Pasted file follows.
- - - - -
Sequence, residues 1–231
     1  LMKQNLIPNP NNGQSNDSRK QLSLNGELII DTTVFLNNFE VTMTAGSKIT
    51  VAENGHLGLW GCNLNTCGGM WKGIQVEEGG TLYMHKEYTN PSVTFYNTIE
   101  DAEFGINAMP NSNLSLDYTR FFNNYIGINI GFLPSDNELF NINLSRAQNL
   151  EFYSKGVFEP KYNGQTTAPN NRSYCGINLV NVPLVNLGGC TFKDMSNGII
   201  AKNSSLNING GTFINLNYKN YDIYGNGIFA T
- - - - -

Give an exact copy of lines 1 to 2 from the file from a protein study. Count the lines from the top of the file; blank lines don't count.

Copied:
Sequence, residues 1–231
     1  LMKQNLIPNP NNGQSNDSRK QLSLNGELII DTTVFLNNFE VTMTAGSKIT